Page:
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  25. Jeffrey Herf (2008). An Age of Murder: Ideology and Terror in Germany. Telos 2008 (144):8-37.score: 30.0
    It is best to begin with the obvious. This is a series of lectures about murder, indeed about an age of murder.1 Murders to be sure inspired by political ideas, but murders nevertheless. In all, the Rote Armee Fraktion (Red Army Faction, hereafter the RAF) murdered thirty-four people and would have killed more had police and intelligence agencies not arrested them or prevented them from carrying out additional “actions.”2 Yesterday, the papers reported that thirty-two people were killed in suicide-bomb attacks (...)
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  26. T. B. Mepham (2008). Bioethics: An Introduction for the Biosciences. Oxford University Press.score: 30.0
    Bioethical issues remain front-page news, with debate continuing to rage over issues including genetic modification, animal cloning, and "designer babies." With public opinion often driven by media speculation, how can we ensure that informed decisions regarding key bioethical issues are made in a reasoned, objective way? Ideal for students new to the subject, Bioethics: An Introduction for the Biosciences offers a balanced, objective introduction to the field. With a focus on developing powers of reasoning and judgment, the book (...)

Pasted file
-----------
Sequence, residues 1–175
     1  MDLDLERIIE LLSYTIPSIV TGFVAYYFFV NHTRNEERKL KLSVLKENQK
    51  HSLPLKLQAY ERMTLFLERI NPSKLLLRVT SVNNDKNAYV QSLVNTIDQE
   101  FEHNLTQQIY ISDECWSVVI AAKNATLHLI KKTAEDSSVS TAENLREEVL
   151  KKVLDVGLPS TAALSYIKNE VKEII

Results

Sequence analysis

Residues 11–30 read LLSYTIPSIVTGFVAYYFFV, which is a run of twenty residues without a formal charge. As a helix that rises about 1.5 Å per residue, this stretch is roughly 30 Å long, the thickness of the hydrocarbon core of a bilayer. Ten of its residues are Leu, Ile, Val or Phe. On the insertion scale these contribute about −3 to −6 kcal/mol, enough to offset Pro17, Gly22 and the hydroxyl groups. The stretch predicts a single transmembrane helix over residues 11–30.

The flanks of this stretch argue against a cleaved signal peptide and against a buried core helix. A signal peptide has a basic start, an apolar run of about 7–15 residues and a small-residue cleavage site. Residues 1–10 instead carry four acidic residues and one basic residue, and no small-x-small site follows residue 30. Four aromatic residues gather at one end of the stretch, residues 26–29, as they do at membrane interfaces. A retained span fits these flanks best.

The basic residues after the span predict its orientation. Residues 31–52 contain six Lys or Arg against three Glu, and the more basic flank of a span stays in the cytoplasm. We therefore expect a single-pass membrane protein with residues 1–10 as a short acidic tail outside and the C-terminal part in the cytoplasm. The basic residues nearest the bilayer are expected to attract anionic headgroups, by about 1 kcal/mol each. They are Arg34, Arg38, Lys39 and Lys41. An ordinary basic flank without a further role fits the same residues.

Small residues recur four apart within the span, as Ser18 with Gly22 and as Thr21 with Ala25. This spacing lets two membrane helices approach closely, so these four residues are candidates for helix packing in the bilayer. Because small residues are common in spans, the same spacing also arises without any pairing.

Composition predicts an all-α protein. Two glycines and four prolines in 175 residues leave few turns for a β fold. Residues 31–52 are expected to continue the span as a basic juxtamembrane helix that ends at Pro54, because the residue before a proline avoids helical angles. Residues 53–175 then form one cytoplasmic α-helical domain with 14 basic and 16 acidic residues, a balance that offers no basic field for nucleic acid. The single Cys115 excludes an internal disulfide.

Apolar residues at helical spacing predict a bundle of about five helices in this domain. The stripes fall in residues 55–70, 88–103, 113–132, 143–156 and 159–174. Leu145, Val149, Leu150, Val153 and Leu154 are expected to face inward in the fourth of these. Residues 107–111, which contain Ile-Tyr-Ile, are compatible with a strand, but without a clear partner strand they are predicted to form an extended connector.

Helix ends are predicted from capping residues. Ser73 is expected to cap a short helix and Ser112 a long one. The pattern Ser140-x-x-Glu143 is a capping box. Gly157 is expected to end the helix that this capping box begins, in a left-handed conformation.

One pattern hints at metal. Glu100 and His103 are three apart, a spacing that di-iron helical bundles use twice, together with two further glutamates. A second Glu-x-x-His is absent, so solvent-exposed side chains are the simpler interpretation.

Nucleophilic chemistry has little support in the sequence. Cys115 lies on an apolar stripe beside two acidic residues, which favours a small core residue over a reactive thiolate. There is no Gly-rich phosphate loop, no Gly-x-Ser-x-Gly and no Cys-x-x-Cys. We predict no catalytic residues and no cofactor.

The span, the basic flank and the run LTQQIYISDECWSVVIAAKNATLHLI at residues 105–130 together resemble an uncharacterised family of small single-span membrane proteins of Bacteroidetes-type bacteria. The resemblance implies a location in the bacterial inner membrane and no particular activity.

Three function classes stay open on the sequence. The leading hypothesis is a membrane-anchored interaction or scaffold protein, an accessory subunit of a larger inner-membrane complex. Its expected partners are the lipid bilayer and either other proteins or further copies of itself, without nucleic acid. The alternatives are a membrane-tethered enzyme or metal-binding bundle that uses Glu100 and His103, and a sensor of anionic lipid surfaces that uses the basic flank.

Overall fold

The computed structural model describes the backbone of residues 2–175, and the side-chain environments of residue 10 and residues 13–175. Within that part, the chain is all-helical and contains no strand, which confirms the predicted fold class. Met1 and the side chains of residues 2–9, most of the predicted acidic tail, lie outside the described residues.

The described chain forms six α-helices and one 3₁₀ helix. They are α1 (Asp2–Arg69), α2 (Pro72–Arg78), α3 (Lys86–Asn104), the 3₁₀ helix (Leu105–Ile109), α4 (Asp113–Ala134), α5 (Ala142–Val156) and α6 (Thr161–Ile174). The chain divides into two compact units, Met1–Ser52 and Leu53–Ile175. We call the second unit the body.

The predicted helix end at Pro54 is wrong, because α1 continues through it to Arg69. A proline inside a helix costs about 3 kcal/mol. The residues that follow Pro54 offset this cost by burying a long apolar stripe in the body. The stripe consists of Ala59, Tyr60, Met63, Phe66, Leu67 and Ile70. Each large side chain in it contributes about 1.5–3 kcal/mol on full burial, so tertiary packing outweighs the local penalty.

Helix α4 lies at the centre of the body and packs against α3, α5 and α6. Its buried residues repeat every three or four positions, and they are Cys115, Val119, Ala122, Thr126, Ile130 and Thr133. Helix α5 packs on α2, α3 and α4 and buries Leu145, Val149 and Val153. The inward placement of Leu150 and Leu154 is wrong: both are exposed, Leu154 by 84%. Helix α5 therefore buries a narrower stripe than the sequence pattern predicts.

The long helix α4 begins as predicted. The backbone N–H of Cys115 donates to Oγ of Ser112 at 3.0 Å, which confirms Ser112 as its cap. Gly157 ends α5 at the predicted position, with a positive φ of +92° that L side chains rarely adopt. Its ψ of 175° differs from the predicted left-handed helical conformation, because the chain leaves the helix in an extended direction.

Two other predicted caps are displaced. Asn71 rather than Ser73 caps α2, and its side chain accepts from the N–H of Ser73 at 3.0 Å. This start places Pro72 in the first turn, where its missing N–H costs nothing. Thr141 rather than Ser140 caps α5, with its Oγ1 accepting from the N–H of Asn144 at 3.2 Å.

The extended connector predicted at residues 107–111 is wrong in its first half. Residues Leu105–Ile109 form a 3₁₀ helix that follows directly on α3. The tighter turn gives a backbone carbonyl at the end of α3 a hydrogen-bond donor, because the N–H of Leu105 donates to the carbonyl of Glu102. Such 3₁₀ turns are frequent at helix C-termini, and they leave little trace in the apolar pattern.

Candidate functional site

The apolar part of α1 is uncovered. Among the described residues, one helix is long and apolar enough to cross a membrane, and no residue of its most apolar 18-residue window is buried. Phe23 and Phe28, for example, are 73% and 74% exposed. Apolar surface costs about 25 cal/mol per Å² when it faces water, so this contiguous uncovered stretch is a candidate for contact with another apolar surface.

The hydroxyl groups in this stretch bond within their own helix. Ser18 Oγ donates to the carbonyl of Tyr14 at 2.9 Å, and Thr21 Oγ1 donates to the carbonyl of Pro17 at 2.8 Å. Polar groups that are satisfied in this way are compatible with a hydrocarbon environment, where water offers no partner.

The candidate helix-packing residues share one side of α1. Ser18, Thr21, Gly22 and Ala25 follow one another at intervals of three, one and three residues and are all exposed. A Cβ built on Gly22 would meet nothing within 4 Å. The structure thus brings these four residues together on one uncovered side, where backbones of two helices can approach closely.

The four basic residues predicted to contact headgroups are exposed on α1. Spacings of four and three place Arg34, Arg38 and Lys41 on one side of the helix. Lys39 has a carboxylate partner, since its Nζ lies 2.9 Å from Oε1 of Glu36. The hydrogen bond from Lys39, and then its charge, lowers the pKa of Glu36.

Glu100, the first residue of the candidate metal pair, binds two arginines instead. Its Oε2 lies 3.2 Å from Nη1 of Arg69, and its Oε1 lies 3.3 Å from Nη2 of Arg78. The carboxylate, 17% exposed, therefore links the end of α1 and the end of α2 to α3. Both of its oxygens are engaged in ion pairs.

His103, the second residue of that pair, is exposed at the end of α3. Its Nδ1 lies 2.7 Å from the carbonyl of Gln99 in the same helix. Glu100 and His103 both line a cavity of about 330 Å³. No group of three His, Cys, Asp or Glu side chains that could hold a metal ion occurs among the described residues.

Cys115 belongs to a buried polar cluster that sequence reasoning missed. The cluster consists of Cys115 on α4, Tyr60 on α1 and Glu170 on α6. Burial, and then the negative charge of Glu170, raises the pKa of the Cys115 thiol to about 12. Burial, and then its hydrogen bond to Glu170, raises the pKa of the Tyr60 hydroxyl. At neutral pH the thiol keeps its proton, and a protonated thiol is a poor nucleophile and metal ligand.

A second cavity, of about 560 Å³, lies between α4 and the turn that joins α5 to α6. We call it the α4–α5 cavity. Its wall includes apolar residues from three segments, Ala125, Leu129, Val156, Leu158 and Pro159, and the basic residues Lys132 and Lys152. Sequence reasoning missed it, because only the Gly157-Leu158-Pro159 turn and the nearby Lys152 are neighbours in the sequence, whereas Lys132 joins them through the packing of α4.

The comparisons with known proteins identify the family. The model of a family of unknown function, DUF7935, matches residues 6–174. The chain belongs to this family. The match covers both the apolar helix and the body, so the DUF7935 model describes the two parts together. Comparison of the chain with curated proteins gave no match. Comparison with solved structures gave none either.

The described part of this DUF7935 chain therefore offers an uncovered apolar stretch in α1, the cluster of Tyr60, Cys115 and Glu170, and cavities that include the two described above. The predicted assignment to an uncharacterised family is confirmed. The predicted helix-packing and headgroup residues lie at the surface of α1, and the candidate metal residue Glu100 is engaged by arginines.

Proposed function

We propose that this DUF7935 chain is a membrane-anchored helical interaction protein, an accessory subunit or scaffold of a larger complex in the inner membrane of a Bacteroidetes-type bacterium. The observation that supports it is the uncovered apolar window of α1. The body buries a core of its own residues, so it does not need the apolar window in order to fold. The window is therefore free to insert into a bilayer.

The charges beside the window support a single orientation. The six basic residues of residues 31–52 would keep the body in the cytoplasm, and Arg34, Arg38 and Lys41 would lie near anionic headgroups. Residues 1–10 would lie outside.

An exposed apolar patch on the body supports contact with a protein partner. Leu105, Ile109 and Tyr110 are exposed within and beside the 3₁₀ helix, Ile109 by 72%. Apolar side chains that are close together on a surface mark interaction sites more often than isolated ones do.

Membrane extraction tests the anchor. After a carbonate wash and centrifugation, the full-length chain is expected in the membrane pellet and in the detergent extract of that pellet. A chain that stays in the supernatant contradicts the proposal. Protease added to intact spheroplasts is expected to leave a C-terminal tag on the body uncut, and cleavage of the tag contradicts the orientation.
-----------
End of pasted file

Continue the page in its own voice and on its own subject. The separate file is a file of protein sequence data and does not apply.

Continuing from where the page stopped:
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  27. Alan D. Sokal (2008). Beyond the Hoax: Science, Philosophy and Culture. Oxford University Press.score: 30.0
    In 1996, Alan Sokal, a Professor of Physics at New York University, wrote a paper for the cultural-studies journal Social Text, entitled: 'Transgressing the Boundaries: Towards a transformative hermeneutics of quantum gravity'. It was reviewed, accepted and published. Sokal immediately confessed that the whole article was a hoax - a cunningly worded paper designed to expose and parody the style of extreme postmodernist criticism of science. The story became front-page news around the world and triggered fierce and wide-ranging (...)
     
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  28. Graham Harman (2011). Meillassoux's Virtual Future. Continent 1 (2):78-91.score: 24.0